Food innovation is increasingly being embraced by the tech industry and making meat substitutes out of plants could have a massive impact on the environment and ultimately help feed more people as the population grows toward 9 billion by 2050. Almost 15 per cent of greenhouse gas emissions come from livestock with pork accounting for 38 per cent of the world's meat production.
Tech is trying harder to blend in than stick out
This was evident in the broad array of home entertainment products shown at CES, which ranged from televisions thin enough to be disguised as a painting on the wall to speakers designed to blend in with your living room upholstery.
Kohler’s smart speaker showerhead connects to your existing fitting magnetically.
Standouts from the smart home category include an Alexa-enabled smart speaker showerhead from Kohler that docks magnetically to your existing shower, and a 'smart' bath mat from Mateo which looks like an ordinary bath mat except it can tell you your weight, posture and even shoe size. Then there's the swathe of new smart mirrors which will overlay weather and traffic information while providing horrifyingly detailed descriptions on what you need to do to fix your skin. One will even analyse your outfit and warn you if you've worn it before.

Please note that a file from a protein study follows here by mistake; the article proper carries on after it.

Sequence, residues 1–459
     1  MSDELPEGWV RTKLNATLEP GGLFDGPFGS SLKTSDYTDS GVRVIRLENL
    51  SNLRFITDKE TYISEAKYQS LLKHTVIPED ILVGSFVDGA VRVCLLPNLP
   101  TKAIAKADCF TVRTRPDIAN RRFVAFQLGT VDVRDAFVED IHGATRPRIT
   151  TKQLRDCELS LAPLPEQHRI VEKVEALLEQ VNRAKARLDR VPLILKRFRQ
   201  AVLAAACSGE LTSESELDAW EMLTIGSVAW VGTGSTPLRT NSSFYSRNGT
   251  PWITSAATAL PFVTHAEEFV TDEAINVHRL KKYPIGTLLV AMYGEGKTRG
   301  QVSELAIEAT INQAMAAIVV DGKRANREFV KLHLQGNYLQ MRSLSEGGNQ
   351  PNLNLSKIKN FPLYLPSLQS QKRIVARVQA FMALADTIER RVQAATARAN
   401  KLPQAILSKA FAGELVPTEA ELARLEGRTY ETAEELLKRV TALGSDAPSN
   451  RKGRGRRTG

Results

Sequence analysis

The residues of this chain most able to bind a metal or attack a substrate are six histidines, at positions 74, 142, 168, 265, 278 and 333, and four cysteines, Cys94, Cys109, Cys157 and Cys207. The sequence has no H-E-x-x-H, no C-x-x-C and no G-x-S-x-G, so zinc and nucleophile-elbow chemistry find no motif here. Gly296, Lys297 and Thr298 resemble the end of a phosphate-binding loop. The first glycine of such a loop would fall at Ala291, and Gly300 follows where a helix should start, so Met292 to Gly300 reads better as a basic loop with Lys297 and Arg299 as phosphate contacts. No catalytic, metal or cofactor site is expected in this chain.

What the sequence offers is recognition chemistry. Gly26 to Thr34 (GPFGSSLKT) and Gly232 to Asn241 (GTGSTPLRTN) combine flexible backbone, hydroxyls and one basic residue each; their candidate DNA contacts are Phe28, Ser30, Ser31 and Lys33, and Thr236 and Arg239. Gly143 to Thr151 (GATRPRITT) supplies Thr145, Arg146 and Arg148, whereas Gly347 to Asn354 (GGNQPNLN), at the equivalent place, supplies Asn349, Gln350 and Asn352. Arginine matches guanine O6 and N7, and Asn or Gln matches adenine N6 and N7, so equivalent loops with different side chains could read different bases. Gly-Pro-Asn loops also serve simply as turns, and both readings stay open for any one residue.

Perhaps the best example of tech blending into the environment is from Japanese company Mui Labs, which has designed a smart display out of a natural wood surface. It looks like a normal strip of wood most of the time, but when it goes into display mode it turns into smart home controller that lights up with buttons and messages.
A smart display from Mui Labs is disguised as a decorative piece of wood.
Portrait video won't be going away any time soon (sadly)
Every major TV maker had a rotating television at their booth designed to match the orientation of your smartphone, in an effort to sate the appetites of the social media generation who have become accustomed to watching portrait videos on Instagram and TikTok.
Adding further weight to the vertical video movement is Quibi; a short-form mobile-only streaming service headed up by former boss of Walt Disney Studios Jeffrey Katzenberg set to launch in April. Some notable names have signed up to make bite-sized shows for the service including the likes of Steven Spielberg and Guillermo del Toro, but what makes Quibi interesting is how easily the service lets you switch between portrait and landscape viewing modes all while keeping the video full screen and what matters in frame.
Quibi’s ‘turntstyle’ tech in action.
Of course, this isn't just a tech solution since the artists also have to keep the framing of both viewing modes in mind and have created the content accordingly. Every Quibi show plays both formats at once, using their audio track to keep them in sync. Even if Quibi doesn't succeed and rotating televisions don't take off, it will be interesting to see if this kind of tech will make its way to other streaming services in the future.
The author travelled to CES as a guest of LG.